Friday, 18 September 2020
"In the seventh month, on the first day of the month, you are to have a holy convocation; do not do any kind of ordinary work; it is a day of blowing the shofar for you." (Numbers 29:1, CJB)
Tonight starts Yom Teruah, also known as Rosh Hashanah. Traditionally this is the head of the year, the New Year. New beginnings are exciting times - times to start again, to plan ahead, to dedicate our lives again to the L-rd. Appropriately, this is also the start of the Ten Days of Awe that lead into Yom Kippur.
The blowing of the shofar reminds us that time is short, that all of us - believers and non-believers alike - will have to answer for our time and our deeds before the throne of G-d. Will they match up to the holiness of G-d or will they fall short? We may have eternal redemption, but none of us are exempt from needing to live to G-d's standards.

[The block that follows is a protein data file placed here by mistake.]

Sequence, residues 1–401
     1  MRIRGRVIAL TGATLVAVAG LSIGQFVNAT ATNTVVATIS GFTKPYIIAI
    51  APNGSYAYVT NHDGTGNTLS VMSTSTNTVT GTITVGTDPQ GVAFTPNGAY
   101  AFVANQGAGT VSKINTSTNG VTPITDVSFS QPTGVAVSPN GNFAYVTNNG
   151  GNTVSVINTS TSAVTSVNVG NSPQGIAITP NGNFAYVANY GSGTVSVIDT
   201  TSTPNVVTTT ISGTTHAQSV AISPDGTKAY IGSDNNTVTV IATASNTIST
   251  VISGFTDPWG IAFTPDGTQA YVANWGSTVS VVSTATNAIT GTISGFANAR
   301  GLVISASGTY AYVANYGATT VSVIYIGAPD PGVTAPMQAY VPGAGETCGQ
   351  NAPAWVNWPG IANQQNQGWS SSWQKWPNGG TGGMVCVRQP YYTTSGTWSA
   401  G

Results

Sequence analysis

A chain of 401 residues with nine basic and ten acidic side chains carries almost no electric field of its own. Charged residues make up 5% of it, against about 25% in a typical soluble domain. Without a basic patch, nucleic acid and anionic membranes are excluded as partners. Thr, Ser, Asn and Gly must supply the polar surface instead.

The blowing of the shofar also reminds us of presence of G-d, so very near us. Do we try to "go it alone" and muddle through by ourselves? Or do we live in partnership with G-d and call on His Ruach to help and sustain us?
This year many of our celebrations are going to be curtailed or, at the very least, done differently to allow for regulations. The shofar call transends above the here and now to call us to something intangible - but let's not miss the check in our yearly rituals. Is there something we should be doing differently? How can we start this next year, 5781, so that we live with the sound of the shofar in our ears not just on this day but on all the days?
"And what I say to you I say to all, 'Be on the alert!'" (Mark 13:37, NASB)